• If you are interested in pursuing the optional internship (ICJ 381) in the major, speak with Professor Michel about this early so you can work it into your academic plan​. Both POL 259 and SOC 341 are required prerequisites for this course, along with permission from the ICJ coordinator. See the Internships section of the ICJ major resource page for more information.

  • Remember that you will need at least a 2.0 GPA in the major and at least a 2.0 overall GPA to graduate.



ICJ majors must complete a 200-level course in a foreign language (usually the course number is 201), and these courses have 100-level prerequisites. Keep the following important information in mind:


  • The foreign language 201 courses are typically offered only in the fall semesters.


  • SPA 207, SPA 308 and SPA 335 (and any other courses taught in English) do NOT fulfill the ICJ language requirement.

  • The ICJ language requirement can be waived for students who show the ICJ program director their high school diploma from a non-English speaking country. As an alternative, the ICJ language requirement can be waived if students choose to take a Foreign Language Proficiency exam (such as CLEP or the NYU Foreign Language Proficiency Exam) and submit a passing score to the Office of Academic Credit Evaluation. For more information, please speak with the ICJ major advisor.

  • If you have prior knowledge of a foreign language, you can take a placement exam in the Modern Language Center to place out of prerequisites and possibly the 200 level requirement. You can drop by 7.64 New Building on M-F to take a placement test; no advance appointment is necessary. Note that placement tests at John Jay are only available in Arabic, Chinese, French, German, Italian, Japanese, Portuguese and Spanish. If you have background in a language that is not on this list, ask the Modern Language Center about the NYU proficiency exam, which will determine your language proficiency and may allow you to earn credits towards your John Jay degree (be sure to find out what this NYU option would cost)​.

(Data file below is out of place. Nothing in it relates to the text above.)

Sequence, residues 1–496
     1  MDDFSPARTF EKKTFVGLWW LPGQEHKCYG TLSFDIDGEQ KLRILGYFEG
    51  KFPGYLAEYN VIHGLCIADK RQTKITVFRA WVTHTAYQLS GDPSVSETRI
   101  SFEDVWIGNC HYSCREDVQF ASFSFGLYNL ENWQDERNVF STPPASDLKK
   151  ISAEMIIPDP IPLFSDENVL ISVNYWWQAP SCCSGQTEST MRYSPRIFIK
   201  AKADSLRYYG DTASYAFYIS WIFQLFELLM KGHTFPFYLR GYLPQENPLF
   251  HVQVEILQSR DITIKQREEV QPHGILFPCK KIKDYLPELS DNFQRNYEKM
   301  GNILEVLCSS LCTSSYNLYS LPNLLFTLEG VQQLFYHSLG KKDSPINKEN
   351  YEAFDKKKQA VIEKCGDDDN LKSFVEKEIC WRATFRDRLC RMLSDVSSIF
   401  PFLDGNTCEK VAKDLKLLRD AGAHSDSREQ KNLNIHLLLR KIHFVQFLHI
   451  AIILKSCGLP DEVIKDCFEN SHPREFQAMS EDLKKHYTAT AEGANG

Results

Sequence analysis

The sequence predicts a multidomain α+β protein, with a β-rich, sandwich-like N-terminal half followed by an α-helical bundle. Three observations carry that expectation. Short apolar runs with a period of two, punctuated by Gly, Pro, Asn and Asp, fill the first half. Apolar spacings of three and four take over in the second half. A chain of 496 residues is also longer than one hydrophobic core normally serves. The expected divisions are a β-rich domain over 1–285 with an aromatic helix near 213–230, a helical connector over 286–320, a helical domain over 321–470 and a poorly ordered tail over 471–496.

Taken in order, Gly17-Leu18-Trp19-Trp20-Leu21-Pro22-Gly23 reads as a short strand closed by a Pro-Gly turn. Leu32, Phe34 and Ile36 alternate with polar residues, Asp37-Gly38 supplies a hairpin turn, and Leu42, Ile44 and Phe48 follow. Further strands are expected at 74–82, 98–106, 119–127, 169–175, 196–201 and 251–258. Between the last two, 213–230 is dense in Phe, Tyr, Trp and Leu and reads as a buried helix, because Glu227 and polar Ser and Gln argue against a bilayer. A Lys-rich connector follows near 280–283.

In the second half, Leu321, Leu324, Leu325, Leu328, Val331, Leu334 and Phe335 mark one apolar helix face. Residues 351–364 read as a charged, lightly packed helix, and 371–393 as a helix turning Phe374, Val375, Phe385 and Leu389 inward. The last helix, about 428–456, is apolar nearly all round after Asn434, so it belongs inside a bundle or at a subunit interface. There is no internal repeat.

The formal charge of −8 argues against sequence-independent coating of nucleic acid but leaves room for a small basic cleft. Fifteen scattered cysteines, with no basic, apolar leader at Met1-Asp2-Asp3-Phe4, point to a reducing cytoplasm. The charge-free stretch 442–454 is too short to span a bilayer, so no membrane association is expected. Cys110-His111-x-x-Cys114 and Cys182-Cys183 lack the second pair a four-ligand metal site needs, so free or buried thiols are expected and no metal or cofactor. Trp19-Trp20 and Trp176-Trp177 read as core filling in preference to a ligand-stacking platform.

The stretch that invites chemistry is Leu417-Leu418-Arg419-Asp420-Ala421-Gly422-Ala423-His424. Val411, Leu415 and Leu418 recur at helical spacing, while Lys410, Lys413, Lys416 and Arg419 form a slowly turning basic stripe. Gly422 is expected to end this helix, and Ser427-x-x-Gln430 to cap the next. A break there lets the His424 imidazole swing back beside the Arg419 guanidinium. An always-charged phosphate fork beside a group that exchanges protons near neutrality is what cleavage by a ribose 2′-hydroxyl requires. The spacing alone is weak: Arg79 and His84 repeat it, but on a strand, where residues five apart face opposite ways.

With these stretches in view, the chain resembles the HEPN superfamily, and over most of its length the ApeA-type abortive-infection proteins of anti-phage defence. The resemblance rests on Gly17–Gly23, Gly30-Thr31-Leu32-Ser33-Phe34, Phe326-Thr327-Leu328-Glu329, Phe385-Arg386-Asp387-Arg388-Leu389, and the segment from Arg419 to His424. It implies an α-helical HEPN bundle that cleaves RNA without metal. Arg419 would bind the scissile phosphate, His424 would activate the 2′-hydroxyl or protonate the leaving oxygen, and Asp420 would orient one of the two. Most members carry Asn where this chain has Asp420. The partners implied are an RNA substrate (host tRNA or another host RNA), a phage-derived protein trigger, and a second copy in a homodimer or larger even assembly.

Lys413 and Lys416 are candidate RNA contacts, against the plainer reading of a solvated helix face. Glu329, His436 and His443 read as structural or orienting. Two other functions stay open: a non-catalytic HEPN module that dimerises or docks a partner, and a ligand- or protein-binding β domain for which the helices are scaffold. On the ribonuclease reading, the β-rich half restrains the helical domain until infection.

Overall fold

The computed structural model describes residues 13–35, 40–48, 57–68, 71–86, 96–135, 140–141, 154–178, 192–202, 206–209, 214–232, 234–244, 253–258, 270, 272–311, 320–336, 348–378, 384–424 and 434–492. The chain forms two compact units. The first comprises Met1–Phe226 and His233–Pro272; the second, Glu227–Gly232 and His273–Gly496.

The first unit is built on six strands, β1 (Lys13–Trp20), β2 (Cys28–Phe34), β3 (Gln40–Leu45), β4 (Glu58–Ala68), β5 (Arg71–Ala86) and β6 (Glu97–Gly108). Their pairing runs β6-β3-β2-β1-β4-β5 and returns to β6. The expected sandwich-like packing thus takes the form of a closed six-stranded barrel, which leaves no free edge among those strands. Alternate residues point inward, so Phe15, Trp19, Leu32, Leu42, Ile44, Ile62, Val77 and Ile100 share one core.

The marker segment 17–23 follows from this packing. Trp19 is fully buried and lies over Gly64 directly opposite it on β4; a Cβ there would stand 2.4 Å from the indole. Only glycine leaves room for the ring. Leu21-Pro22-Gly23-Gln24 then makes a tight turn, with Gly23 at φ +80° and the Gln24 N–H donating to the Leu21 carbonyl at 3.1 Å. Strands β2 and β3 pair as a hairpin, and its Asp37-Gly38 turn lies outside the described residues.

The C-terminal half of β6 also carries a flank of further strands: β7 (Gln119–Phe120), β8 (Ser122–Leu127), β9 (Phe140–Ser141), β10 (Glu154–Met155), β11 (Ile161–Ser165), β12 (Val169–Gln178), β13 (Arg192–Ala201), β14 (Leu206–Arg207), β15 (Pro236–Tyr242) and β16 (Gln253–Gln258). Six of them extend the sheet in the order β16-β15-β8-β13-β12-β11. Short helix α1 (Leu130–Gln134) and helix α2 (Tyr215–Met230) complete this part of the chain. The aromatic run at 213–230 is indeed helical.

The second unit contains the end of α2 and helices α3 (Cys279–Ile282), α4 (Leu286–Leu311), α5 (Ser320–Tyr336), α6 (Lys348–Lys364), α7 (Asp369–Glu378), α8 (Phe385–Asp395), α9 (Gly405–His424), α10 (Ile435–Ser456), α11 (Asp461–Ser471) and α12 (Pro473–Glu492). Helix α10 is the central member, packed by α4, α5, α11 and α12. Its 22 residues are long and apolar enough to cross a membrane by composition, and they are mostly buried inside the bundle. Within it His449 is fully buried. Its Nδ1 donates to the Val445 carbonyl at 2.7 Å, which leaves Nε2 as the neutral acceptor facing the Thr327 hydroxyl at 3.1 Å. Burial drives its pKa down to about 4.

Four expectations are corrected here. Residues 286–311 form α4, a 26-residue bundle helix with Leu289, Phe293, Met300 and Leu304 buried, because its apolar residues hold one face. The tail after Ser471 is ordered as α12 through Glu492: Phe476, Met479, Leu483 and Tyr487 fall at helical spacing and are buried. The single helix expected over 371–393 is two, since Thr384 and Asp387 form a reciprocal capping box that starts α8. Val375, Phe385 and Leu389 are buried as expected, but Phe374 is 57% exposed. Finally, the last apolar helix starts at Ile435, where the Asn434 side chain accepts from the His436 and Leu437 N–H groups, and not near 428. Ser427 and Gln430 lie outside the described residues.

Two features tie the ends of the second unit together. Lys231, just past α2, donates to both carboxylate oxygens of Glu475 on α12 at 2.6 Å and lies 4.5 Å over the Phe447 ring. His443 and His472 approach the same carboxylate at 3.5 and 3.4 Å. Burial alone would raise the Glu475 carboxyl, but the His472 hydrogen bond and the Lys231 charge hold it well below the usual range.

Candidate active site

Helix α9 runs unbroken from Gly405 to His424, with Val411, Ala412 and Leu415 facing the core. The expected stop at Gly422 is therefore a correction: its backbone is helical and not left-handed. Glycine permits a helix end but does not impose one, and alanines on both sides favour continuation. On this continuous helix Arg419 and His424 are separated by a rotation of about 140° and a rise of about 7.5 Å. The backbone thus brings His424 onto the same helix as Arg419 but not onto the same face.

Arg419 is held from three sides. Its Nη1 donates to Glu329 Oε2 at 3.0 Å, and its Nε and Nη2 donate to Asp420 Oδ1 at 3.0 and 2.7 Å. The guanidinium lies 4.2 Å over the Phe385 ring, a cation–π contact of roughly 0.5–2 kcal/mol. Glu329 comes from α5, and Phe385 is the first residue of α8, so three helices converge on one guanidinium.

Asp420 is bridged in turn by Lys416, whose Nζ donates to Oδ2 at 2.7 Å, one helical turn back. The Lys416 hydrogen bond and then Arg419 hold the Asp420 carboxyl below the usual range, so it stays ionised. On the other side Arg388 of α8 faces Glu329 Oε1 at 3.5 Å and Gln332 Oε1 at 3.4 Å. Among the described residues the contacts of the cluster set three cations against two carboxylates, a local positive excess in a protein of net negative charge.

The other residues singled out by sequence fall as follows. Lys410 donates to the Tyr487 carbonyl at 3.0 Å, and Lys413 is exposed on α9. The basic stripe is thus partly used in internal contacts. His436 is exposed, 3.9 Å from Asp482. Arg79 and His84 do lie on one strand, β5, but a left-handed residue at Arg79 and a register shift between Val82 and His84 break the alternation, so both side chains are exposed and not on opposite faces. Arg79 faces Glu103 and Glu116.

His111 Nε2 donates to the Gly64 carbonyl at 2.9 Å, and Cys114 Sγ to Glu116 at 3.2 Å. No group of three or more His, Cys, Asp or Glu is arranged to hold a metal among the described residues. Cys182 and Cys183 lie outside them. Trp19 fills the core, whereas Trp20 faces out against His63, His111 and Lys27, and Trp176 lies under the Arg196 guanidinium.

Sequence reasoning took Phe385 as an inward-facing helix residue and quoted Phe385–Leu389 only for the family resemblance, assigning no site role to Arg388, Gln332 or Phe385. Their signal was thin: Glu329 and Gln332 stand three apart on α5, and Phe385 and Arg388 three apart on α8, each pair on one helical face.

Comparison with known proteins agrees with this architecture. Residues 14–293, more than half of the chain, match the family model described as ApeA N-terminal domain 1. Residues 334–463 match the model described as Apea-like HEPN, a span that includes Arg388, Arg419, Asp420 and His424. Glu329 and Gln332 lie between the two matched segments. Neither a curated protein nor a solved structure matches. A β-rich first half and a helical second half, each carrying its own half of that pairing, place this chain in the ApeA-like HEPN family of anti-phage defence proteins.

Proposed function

The John Jay College Office of International Studies and Programs and many other CUNY Study Abroad Offices  offer our students a wide range of short-term, semester, and year-long programs that lead to significant cultural and academic experiences.

The ICJ BA program honors study abroad course credits. To use study abroad credits towards the ICJ major, students must get approval from the ICJ BA program director Professor Verónica Michel ( before registering for the study abroad course. No approval will be given retroactively for study abroad courses that you’ve already taken.

  • DegreeWorks degree audit - Use this online planning tool to track your overall progress toward graduation. You will see which of your general education and major requirements are completed, in progress, or still needed.  Refer to the DegreeWorks FAQs to better understand how to use this helpful tool. Note: be sure to confirm the accuracy of your degree audit with a general advisor and major advisor.